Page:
The Importance of Human Factors when Assessing Outsourcing Security Risks


The word is becoming increasingly interconnected and ways of doing business are evolving rapidly. Communications technology is ubiquitous and reliable and businesses are continuously seeking ways in which systems can be exploited to improve resilience, become more efficient and reduce costs. One way in which organisations seek to achieve this is by concentrating their efforts on core business processes and outsourcing non-core functions. However, outsourcing - and particularly off-shoring - presents many security issues that must be considered throughout the lifetime of contracts. The scale of outsourcing and increasing technological and security complexity is making this task more difficult. Often neglected, or given low priority, are factors relating to the people who will be working on the contract. These factors will be driven by regional and cultural differences and will manifest themselves in differing security threat and risk profiles and risk management frameworks must be designed to recognise and cater for these variations.

This paper is based on BT’s extensive global sourcing experience and describes some of the key human factors that can impact significantly on the success, or otherwise, of secure outsourcing. The application of technology alone will not provide solutions. Security controls need to be workable in a variety of environments and need to be designed, implemented and maintained with end user behaviour in mind. New approaches need to be considered for building and maintaining trust and secure relationships between organisations over time. Ownership of security is required, as is a means of building understanding and empathy with the customers’ need for security; this may only be effective in the long term rather than short term – and this in itself presents a major challenge in the outsourcing world with its high churn of personnel.


BT Design Security Risk & Compliance,
United Kingdom

Carl Colwill is a Principal Consultant in BT’s Security Risk and Compliance team and specialises in security risk management and information assurance with a current focus on global sourcing activities. Carl leads security studies and compliance reviews for BT in collaboration with the UK Government and third parties; his consultancy role is certified under the UK CESG Listed Advisor Scheme (CLAS). Carl joined BT in 1980 after gaining a BSc(Hons) in Computer Science from the University of Warwick. Carl was a founder member of BT’s Information Assurance team established in 1997 to assess emerging threats and risks with a national infrastructure perspective. Carl gained an MBA in 1992; other professional qualifications include Chartered Engineer, Chartered IT Professional, Member of the British Computer Society, Member of the Institute for Risk Management, Member of the Association for Project Management, ISO27001 Lead Auditor.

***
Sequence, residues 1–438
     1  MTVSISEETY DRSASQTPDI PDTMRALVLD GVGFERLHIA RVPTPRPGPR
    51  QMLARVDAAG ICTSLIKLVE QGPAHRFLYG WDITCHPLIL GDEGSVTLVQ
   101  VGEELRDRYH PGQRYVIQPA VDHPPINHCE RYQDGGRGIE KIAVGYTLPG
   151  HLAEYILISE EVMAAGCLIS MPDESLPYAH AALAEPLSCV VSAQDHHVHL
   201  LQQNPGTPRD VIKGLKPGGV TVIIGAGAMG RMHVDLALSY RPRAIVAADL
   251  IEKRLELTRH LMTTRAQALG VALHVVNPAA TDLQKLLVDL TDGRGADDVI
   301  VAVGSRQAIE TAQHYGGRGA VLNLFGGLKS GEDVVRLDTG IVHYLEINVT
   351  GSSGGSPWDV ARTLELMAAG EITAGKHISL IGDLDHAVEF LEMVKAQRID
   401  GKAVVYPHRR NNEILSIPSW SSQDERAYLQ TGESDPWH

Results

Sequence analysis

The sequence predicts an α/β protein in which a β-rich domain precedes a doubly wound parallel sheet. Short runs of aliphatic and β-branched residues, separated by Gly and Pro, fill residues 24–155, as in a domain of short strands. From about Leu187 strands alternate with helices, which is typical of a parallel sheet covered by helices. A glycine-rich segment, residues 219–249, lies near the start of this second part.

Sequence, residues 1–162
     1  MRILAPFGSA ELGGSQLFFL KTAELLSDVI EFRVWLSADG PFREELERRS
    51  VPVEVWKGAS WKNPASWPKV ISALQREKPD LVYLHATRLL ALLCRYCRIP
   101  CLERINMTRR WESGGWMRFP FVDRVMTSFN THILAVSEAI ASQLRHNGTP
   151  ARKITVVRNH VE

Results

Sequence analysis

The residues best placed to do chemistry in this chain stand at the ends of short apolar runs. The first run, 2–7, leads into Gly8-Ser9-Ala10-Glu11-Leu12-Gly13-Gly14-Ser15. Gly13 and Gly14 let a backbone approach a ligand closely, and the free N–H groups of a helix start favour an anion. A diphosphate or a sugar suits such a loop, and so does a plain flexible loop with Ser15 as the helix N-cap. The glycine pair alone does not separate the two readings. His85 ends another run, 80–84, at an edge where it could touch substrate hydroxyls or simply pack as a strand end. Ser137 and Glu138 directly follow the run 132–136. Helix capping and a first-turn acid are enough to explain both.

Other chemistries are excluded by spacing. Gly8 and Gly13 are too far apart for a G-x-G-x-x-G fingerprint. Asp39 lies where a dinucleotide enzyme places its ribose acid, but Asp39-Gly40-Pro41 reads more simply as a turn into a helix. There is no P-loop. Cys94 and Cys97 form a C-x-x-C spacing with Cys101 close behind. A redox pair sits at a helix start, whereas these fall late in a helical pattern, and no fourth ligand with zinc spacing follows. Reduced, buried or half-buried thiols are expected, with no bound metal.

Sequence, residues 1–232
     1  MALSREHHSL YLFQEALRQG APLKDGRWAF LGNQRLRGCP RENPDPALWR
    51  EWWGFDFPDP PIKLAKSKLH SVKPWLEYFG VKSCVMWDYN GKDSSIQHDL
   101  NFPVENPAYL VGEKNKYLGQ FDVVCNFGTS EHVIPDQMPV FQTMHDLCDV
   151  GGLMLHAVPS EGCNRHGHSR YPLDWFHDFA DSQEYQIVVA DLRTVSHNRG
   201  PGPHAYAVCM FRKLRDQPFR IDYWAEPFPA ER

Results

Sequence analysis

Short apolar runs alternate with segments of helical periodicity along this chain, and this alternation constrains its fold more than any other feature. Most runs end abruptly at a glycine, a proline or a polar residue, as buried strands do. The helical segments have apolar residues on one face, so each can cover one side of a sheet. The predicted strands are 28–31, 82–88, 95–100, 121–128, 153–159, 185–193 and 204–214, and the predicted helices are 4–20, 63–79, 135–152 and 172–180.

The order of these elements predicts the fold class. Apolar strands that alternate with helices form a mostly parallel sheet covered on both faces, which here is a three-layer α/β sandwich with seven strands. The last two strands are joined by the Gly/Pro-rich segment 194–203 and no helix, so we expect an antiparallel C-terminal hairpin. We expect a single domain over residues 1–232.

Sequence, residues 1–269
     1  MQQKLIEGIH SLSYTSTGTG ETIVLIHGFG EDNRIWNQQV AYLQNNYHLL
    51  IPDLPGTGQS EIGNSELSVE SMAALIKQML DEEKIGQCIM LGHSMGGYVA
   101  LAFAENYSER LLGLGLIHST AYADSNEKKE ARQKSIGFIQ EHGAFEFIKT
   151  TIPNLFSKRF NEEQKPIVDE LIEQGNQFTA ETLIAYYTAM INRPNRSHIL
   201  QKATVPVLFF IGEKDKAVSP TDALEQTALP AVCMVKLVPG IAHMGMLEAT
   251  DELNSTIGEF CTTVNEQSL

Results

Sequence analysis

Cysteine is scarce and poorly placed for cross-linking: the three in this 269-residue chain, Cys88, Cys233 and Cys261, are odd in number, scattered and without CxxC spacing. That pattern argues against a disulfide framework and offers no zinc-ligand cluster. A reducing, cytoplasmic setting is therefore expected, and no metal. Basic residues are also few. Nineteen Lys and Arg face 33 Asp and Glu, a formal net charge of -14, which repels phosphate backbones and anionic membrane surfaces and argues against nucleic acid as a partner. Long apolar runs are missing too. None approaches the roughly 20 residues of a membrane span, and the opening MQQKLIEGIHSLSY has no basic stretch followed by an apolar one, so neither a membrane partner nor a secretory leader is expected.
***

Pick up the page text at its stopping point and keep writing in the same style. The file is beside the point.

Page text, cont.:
BT Security Research Centre, United Kingdom, Adjunct Professor, Edith Cowan University

Dr. Andrew Jones. During a full military career Andy directed both Intelligence and Security operations and briefed the results at the highest level, and was awarded the MBE for his service in Northern Ireland. After 25 years service with the British Army's Intelligence Corps he became a business manager and a researcher and analyst in the area of Information Warfare and computer crime at a defence research establishment. In September 2002, on completion of a paper on a method for the metrication of the threats to information systems, he left the defence environment to take up a post as a principal lecturer at the University of Glamorgan in the subjects of Network Security and Computer Crime and as a researcher on the Threats to Information Systems and Computer Forensics.

At the University he developed and managed a well equipped Computer Forensics Laboratory and took the lead on a large number of computer investigations and data recovery tasks. In January 2005, he joined the Security Research Centre at British Telecommunications where he is currently the head of information security research. He is the author of five books on the topics of Information warfare, information security and digital forensics, and holds a Ph.D. in the area of threats to information systems. Andy is Adjunct Professor in the School of Computer and Information Science at Edith Cowan University and part of the SECAU Security Research Centre.

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The definitive publication for the best and latest research and analysis on information warfare, information operations, and cyber crime. Available in traditional hard copy or online.


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